A Plaque to Mark 200 Years of Shipbuilding at Wivenhoe

Town Mayor unveils plaque commemorating two hundred years of shipbuilding at what has become called Old Wivenhoe Quay but was once simply known as 'the shipyard'.

Page created by Peter Hill, copied from the earlier Wivenhoe Encyclopedia website

Cllr Peter Hill, proposer of the idea and who co-ordinated the arrangements standing with Town Mayor, Cllr David Craze, and Don Smith who devised the wording on the plaque.
Guests at the unveiling, who included Tom Dale from Persimmon Homes who supervised the construction of the homes, admiring scale models of ships built at the Wivenhoe Shipyard and crafted by local resident Bill Ellis.

A plaque commemorating 200 years of shipbuilding at Wivenhoe was unveiled by Wivenhoe Town Mayor Cllr David Craze on Saturday 19th October at 10.30am at the dry dock, in the centre of the new development at Old Wivenhoe Quay, formerly the location of one of Wivenhoe’s two shipyards.

Developers of the site, Persimmon Homes, had responded to the request by Wivenhoe Town Council for such a plaque and agreed to erect and pay for it.

Local residents were invited to attend the unveiling ceremony. Amongst official guests, the Council invited former workers from the Wivenhoe Shipyard to attend the unveiling and then a reception in the Nottage Institute Maritime Museum, which promotes traditional boat-building and nautical skills as well as housing a growing collection of memorabilia relating to the River Colne.  The weather was crisp on that Saturday morning, 19th October, 2002, as a crowd of about 50 people turned out for the occasion.  Most of the people were former workers of the shipyard, with their wives, who had been especially invited by the Town Council.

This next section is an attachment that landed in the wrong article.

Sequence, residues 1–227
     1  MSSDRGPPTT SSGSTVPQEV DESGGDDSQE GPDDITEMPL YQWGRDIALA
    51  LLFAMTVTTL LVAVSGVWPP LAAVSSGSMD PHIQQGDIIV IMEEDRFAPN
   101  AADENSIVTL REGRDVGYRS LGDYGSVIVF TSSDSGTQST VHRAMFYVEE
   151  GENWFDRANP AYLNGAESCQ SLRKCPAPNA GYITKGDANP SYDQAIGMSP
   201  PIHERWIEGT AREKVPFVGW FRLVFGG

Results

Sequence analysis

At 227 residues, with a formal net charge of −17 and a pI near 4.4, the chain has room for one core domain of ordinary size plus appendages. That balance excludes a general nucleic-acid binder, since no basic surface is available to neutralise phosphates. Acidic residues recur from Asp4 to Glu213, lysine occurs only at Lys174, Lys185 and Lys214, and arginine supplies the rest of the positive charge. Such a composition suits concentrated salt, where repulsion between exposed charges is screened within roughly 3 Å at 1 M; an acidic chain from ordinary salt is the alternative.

The inscription on the plaque reads:

From the building of H.M.S. Inspector, a ship of 36 guns in 1782, until the construction of H.M.S. Wiston in 1958, this dock area was the village shipyard. Craft from fishing smacks, sail and steam yachts, tramp steamers of 1000 tons and gunboats for Lord Kitchener and General Gordon were built.   WW1 and WW2 minesweepers were also built and serviced, and so too were sections of the Mulberry Harbour constructed here. The yard closed in June 1961. Further history of the site and road names can be found in the Nottage Institute.’

Local councillor, Peter Hill, and proposer of the idea said “ I think it is important to remember our local history and am pleased that Persimmon Homes felt able to promote the important history of this site by erecting a plaque”.

Don Smith, a well-known local historian who provided the wording on the plaque, said “Great ships have been built at Wivenhoe over two centuries. It is good that we will be reminded of the work of generations of men in this way”

This page was added on 09/01/2021.

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